Milestone Tower Limited Partnership hopes to build a 114-foot monopoly and other equipment for the facility, which would be blocked off by an eight-foot-tall, chain-link fence.
Dranesville District Supervisor John Ulfelder said the applicant submitted several revisions earlier this year, which the county’s staff recommended for approval in an addendum to their initial report.
“I would like to give a little more time for people to review the staff addendum and provide comments,” he said.
Ulfelder also noted the Fairfax County Public Schools met with residents who were concerned about the plan earlier this month.
Milestone reduced the height of the tallest monopole by 10 feet. The company also plans to install a sand filter for water quality treatment purposes.
Initially, Milestrone proposed purchasing off-site nutrient credits to make up for water quality control requirements. The facility would be located on the north side of the existing football field between two existing stadium light poles with heights of 70 and 85 feet.
The proposal has been deferred, but a date on the planning commission’s docket has not yet been announced.
Once approved by the commission, the proposal will head to the Fairfax County Board of Supervisors for a final vote.
Photo via Sprint
County planners have OK’s a plan to build 26 single-family houses on roughly 13 acres near West Ox Road in Herndon.
The property, which under development by Christopher Land, LLC, is currently developed with two single-family houses that were built in the 1950s.
The Spring Lake Estates community is also located near the site of the development. Spring Lake is a manmade lake created in the late 1950s for recreational purposes, according to the county.
The county’s health department noted that the developer must properly dispose of an onsite sewage disposal system and private well water supply prior to demolishing the current homes.
Photos via handout/Fairfax County Government
The 24-member group, which includes representatives from community organizations, developers, and real estate professionals, reviewed the primary objectives of the task force, which Alcorn assembled earlier this year. Over the next several months, members will develop recommendations on Reston’s Comprehensive Plan, which has been criticized by residents and others for not being up to date with the current and future pace of development.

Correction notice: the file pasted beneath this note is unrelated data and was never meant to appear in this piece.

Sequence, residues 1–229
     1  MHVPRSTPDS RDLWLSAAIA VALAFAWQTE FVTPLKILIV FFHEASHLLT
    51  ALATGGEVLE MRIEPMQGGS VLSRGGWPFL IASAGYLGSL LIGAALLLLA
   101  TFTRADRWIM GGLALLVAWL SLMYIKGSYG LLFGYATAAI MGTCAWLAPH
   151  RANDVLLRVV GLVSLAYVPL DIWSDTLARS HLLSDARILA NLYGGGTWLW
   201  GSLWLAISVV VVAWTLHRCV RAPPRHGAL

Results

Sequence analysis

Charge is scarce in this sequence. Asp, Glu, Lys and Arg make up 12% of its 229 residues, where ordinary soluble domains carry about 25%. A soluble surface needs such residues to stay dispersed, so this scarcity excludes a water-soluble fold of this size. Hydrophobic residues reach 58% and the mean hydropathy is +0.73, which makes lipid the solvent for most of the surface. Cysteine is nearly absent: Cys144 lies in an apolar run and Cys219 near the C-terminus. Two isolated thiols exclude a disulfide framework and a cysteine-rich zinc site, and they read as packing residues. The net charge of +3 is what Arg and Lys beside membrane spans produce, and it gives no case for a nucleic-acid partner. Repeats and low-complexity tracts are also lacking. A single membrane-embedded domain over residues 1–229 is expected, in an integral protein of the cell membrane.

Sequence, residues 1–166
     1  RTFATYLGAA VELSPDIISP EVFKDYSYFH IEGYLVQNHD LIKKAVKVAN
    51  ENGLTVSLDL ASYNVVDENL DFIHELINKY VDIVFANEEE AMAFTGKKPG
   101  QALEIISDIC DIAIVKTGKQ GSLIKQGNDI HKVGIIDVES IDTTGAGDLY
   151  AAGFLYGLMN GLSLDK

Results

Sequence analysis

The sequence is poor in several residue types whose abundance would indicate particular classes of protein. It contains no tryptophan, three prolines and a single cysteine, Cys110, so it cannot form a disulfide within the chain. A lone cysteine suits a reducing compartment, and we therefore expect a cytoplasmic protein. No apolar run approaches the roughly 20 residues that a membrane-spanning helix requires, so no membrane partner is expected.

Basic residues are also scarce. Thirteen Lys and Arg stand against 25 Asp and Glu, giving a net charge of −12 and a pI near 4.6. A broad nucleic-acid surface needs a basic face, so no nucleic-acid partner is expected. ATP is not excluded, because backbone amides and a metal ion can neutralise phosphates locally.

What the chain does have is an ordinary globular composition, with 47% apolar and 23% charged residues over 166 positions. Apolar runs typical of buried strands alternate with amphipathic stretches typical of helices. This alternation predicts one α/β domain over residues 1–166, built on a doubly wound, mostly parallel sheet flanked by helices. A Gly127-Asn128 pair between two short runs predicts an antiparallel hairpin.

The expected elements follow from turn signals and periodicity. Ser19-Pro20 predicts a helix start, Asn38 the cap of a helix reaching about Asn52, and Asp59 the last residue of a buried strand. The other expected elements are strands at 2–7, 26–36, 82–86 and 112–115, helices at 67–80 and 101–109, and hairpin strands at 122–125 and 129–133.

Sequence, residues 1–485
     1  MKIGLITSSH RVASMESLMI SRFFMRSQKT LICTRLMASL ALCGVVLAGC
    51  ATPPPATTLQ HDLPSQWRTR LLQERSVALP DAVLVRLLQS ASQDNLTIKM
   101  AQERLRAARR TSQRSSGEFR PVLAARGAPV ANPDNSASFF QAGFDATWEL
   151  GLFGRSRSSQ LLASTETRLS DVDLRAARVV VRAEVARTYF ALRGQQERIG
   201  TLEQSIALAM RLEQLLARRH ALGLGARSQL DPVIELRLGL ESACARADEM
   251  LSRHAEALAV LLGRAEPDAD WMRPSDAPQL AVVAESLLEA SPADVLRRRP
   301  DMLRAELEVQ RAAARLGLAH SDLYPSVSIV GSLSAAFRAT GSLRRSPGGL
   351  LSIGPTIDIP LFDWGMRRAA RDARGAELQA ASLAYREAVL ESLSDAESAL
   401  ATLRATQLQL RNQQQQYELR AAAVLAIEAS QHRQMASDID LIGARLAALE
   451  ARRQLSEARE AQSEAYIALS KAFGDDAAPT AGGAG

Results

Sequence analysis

Since the plan was last updated in 2014, 39 major zoning applications have been approved and 12 major zoning applications are in process, according to Chris Caperton, deputy director of the county’s planning and development department. More than 14 million square feet of commercial development and 13.4 million square feet of residential development have been approved, according to 2019 data.
Alcorn outlined a review of the following focus areas:
- Projected population thresholds
- Land use in Reston’s village centers
- An evaluation of the plan’s language regarding more affordable housing and the preservation and improvement of existing affordable housing
- Planned pedestrian and bicycle infrastructure to access Metro stations
- If the plan provides adequate guidance on urban scale mobility and development design in Reston’s Transit Station Areas while protecting neighborhood stability of nearby areas
- Transportation improvements and their alignment with planned development
- How the plan can better enhance Reston’s natural environment and encourage energy efficiency
- How the plan address concerns about the “monopolization” of ownership in Reston, especially pertaining to Boston Properties’ ownership of Reston Town Center
- If the historic practice of promoting privately-owned open space addresses public needs for the next 50 years
Alcorn said the task force’s timetable was “aggressive” to complete its work. The next meeting, which will be held online, is slated for May 26.
He also clarified that discussions around the future ownership of Reston Town Center would center around whether or not there is a longterm vision of the ownership of Reston’s commercial center.
The review will not be restricted to Reston’s Planned Residential Community District. A county proposal to increase that district’s population density — among other proposed changes — drew community rancor and was ultimately deferred last year.
Others encouraged the task force to take a close look at whether or not the plan provides sufficient guidance on managing the pace of infrastructure and development in the area.
Reston Association board member John Mooney said he was concerned that county studies have primarily examined the effect of development in Reston’s Transit Station Area (TSA) on traffic specific in that area.
After a series of meetings, the task force will pitch recommendations to the Fairfax County Planning Commission. The Fairfax County Board of Supervisors will then vote on any proposed amendments to the plan.